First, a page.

Rock and Pop memorabilia: Memorabilia relating to The Beatles may routinely command the highest prices in the Rock and Pop collectors’ market, but Bonhams Knightsbridge (17.5/10% buyer’s premium) gambled that the Fab Four’s enthusiasts would also be interested in the 95 lots relating to Stuart Sutcliffe, the fifth Beatle, in their 505-lot entertainment auction on July 29.
“The Stuart Sutcliffe archive was an unknown quantity. It didn’t have a market so collectors were hesitant to dip their toes in the water. Historically he may be as important, but not commercially,” explained Bonhams’ head of collectables Jon Baddeley.
The archive was consigned by Stuart Sutcliffe’s family, and in the catalogue introduction his sister, Pauline Sutcliffe, writes of her brother’s close friendship with his art college buddy John Lennon and their similarly held views on popular music as a valid art form. The National Museums of Liverpool purchased the “most high profile” works from the archive for the Liverpool Museum of Life prior to cataloguing, and the entries in the sale comprised poems, sketch books, drawings, photographs and letters either by or relating to Sutcliffe.
Although this material generated considerable pre-sale publicity and shed light on Sutcliffe’s role in shaping the band’s early public image, his untimely death at 21 years old, gave meant collectors were reticent to spend the sort of money reserved for mainstream Beatles memorabilia. Only 23 of the 95 lots found buyers. “The interest was huge before the auction but it was not converted to cash at the end of the day,” said Mr Baddeley.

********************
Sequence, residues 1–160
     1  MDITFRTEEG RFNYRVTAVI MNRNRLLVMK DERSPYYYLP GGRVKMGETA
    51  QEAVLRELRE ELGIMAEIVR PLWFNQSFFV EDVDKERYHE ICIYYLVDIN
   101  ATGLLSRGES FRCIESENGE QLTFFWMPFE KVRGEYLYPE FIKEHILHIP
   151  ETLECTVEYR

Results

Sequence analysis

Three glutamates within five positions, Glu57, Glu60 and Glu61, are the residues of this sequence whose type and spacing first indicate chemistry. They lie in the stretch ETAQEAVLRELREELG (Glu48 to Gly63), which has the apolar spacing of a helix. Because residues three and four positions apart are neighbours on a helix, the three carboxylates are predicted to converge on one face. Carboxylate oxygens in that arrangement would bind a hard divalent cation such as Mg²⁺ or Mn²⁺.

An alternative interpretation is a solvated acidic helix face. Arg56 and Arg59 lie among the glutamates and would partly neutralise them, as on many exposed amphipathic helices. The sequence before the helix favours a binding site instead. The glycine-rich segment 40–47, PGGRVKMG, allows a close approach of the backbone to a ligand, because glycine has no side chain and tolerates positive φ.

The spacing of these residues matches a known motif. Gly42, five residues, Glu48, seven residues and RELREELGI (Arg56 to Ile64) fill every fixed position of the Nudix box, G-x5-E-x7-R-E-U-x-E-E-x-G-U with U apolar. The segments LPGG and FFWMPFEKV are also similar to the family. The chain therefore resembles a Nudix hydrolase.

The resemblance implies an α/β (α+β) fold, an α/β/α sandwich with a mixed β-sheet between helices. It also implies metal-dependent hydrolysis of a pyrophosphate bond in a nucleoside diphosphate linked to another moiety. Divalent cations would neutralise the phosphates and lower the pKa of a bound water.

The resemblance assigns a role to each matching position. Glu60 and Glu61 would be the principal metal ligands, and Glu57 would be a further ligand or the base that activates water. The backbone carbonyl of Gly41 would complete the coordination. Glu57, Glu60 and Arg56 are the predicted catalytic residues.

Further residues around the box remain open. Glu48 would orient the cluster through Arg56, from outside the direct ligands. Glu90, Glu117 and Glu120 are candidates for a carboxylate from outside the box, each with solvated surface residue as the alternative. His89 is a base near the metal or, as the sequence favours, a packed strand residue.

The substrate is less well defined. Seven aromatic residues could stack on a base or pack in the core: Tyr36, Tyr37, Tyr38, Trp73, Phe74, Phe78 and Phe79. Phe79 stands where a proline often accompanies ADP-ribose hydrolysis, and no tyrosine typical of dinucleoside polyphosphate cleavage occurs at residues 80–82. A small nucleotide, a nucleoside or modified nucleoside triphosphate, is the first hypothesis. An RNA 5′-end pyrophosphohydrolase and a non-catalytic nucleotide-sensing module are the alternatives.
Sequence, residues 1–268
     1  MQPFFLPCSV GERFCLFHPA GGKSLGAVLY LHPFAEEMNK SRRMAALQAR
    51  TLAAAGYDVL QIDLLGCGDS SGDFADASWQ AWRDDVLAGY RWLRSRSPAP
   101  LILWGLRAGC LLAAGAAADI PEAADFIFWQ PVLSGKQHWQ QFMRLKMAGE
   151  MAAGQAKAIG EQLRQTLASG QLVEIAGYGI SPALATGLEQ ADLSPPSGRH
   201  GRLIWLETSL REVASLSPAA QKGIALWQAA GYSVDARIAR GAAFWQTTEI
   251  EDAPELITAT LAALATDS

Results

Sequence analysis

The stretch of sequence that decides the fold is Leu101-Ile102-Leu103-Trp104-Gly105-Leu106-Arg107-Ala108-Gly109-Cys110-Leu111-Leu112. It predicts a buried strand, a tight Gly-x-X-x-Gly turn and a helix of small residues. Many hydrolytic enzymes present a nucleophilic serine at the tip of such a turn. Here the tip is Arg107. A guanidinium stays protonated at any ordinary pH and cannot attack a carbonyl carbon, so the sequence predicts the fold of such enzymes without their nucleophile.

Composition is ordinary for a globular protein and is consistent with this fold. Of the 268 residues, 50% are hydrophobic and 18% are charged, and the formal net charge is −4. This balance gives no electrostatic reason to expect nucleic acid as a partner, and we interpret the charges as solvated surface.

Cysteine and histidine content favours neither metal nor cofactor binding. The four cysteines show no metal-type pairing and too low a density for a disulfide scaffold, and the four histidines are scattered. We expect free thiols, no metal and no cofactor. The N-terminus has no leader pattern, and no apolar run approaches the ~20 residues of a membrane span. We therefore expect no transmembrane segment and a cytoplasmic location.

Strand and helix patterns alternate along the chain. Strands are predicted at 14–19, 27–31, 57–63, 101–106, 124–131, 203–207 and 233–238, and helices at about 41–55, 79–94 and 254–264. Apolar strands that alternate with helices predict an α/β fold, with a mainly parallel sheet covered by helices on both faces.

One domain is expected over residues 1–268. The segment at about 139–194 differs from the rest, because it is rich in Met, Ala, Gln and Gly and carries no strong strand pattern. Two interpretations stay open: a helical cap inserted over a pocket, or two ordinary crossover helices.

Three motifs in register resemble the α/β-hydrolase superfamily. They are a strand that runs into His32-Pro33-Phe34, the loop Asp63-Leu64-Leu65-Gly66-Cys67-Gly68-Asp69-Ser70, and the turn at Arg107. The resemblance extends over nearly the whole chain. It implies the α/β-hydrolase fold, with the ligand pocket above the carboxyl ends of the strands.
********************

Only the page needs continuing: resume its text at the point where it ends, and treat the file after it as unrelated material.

Pauline Sutcliffe suggests her brother’s first love was art not music, and the biggest money was reserved for his sketch book for admission to the Liverpool College of Art, 1957. It sold to a private buyer for £3000. The catalogue’s front cover photograph of Stuart Sutcliffe (shown right) was amongst a number of photographs in the sale of him and the band taken on tour in Hamburg, 1961. This photograph, shot by his girlfriend, Astrid Kircherr, brought £300.
Interest may have been muted for the Sutcliffe material but outside of the archive a privately-entered demonstration single for Love Me Do/P.S. I Love You autographed by Paul McCartney, parlophone, 1962, topped the sale. Love Me Do brought The Beatles to fame within 48 hours of release and this copy was one of only 250 demonstration singles with the misspelt credit Lennon-McArtney. This, together with the signature, saw it fetch £11,500 from a Beatles’ enthusiast.
Overall, there were few exceptional entries in this triannual outing that totalled £63,705 and was 45 per cent sold by lot.
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